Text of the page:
Nickels: Coin Library
This is the Nickels section of our Coin Library. More comprehensive information about the different nickels over time can be found below.
The name of the "nickel," the U.S. 5¢ coin, is a bit misleading. These coins are actually made of 25% nickel and 75% copper. Nickel coins have had this same composition since they were introduced in 1866.
Unlike the dime, quarter, and larger denominations, the nickel has never contained any silver except for the brief 35% silver "war nickels" from 1942–1945.
Shield Nickel (1866–1883)
Shield nickel five-cent coin
The Shield nickel was the first five-cent nickel coin made in the United States. Introduced in 1866, it remained in production until 1883. It was the second U.S. coin to bear the motto "In God We Trust," after the 1864 two-cent piece.
There are only two varieties of the Shield nickel. The original design featured rays between the thirteen stars that surrounded the 5 on reverse. This design ran through the first year mintage of 1866, and part of the next year's mintage. The design switched to one that eliminated the rays during 1867. The Shield nickel would retain this design until 1883, when it was replaced by the Liberty Head or "V Nickel."
Liberty Head or V Nickel (1883–1913)
"V nickel" five-cent coin
The second five cent nickel was an 1883 design by Chief Engraver Charles Barber. Officially named the "Liberty Head" nickel, it was often referred to as the "V Nickel," from the prominent Roman numeral V on the reverse. The Liberty Head nickel was the only circulation coin designed by Barber that was not associated with his name. It was used until 1912.
The original design for the Liberty Head nickel omitted the word "Cents" or the reverse. Fraudsters quickly realized that the new nickel was roughly the size of a $5 half eagle gold coin. The V nickel could be passed as a $5 coin by cutting reeding into the edge and gold plating it. The Mint swiftly added "Cents" to the nickel design, making the "No Cents" variety a collectible rarity today.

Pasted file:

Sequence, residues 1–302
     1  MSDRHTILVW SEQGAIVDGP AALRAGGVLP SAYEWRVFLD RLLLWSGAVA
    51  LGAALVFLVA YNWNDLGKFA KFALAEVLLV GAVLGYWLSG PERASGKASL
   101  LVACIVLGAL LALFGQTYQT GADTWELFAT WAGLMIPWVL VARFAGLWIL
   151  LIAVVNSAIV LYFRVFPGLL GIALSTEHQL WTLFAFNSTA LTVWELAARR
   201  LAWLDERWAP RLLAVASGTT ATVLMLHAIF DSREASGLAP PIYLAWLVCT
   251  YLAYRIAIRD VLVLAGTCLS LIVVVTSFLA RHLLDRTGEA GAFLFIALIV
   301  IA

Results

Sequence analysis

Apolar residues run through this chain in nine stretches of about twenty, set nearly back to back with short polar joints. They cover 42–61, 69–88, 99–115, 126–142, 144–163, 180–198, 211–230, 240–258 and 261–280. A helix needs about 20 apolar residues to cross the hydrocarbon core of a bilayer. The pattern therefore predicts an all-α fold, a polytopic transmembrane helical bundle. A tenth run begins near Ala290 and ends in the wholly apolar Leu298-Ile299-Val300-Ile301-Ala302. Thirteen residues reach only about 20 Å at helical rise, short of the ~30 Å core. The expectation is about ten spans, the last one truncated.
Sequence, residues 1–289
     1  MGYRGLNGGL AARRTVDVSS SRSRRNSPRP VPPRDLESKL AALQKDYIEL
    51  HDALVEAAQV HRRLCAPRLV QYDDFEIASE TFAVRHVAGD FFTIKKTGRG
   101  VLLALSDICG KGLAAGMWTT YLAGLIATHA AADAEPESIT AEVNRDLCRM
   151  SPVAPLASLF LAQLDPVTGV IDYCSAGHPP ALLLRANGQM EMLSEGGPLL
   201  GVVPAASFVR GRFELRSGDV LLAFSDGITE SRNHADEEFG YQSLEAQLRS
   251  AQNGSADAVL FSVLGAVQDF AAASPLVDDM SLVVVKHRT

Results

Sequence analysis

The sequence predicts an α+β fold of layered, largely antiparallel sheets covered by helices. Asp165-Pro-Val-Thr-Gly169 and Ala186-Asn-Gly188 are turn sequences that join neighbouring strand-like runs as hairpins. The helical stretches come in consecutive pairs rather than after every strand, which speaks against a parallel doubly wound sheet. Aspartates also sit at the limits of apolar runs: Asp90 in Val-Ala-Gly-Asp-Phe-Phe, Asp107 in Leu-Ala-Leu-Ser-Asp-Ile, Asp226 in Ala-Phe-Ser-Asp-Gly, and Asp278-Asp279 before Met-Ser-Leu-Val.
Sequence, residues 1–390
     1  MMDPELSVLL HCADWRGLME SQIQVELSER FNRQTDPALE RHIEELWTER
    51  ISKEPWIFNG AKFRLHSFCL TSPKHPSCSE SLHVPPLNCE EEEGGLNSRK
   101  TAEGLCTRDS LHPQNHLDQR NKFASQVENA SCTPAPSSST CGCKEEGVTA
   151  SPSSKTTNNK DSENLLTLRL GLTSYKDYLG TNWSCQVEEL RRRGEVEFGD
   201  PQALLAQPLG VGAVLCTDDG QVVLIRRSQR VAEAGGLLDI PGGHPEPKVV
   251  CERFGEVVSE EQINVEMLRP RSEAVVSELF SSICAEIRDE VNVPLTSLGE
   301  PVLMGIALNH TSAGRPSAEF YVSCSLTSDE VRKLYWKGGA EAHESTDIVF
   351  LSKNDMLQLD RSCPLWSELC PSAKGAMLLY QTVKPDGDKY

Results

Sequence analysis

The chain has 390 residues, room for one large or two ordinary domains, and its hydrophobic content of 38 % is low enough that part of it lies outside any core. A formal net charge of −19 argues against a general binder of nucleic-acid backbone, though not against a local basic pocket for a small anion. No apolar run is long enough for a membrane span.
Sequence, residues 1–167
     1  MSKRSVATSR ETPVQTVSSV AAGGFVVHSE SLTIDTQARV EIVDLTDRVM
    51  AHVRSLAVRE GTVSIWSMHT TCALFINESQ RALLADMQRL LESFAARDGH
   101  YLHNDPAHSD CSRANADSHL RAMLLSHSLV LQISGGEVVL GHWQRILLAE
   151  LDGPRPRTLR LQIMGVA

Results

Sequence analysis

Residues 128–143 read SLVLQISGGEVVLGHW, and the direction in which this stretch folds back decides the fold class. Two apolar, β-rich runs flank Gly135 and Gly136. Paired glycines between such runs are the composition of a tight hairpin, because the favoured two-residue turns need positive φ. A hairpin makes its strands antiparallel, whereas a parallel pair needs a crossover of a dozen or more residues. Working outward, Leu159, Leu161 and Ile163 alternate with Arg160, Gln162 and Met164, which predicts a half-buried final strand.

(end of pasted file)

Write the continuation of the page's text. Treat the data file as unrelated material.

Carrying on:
The "V" nickel is collected more for it's reverse design than the obverse, which featured a typical Barber interpretation. Much of the criticism focused on the strange nose of Lady Liberty, with one particularly scathing opinion saying that Liberty looked like she had run face-first into a wall.
Buffalo Nickel or Indian Head (1913–1938)
Image via USA CoinBook
James Earle Fraser's 1913 to 1938 Buffalo nickel is most likely the coin people think of when "collecting old nickels" is mentioned. The Buffalo nickel was the first U.S. coin to display an image of an actual Native American, instead of Lady Liberty wearing a headdress like earlier "Indian Head" coins. The bison that gives the coin its nickname was rumored to be modeled on the giant buffalo kept at the Central Park Zoo at the time.
The Buffalo nickel suffered from early wear on both sides of the coin. The denomination "Five Cents" was originally struck on the raised mound the bison stood on, elevating it. On the obverse, the date on the Indian's shoulder was also a high point. Even after Mint Chief Engraver Charles Barber recessed the denomination and adjusted the date, these two areas remained trouble spots for the coin for its entire run. These problems likely contributed to the design being retired.
Image via USA CoinBook
The original Jefferson nickel design was introduced in 1938 to commemorate the 200th anniversary of Thomas Jefferson's birth. It is still minted today, but with a new portrait of Jefferson on the obverse, and a remastered Monticello on the reverse.
In 2005 and 2006, the Jefferson nickel featured four different commemorative designs to mark the 200th anniversary of the Lewis and Clark expedition to the Pacific Ocean. The 2005 nickel featured a special one-year bust of Jefferson on the obverse, and a second bust design in 2006. This 2006 obverse was kept as the new "ordinary" obverse of the Jefferson nickel.
More Resources About Nickels
Today, the five-cent nickel is the second-smallest denomination of U.S. coin. (Believe it or not, back in the 19th century, there were also 3-cent, 2-cent, and half-cent coins.) As such, nickels have long been "workhorse" coins for the economy. Unlike most United States coins, contemporary nickels have a plain edge design (as opposed to a reeded edge).
Several other countries (including Australia and Canada) have done away with their one-cent coins. This leaves the "nickel" as the lowest denomination coin in these economies. Many believe the United States Mint will eventually follow suit, as the government loses money on every penny it mints.
Follow the links below for more information about U.S. nickels: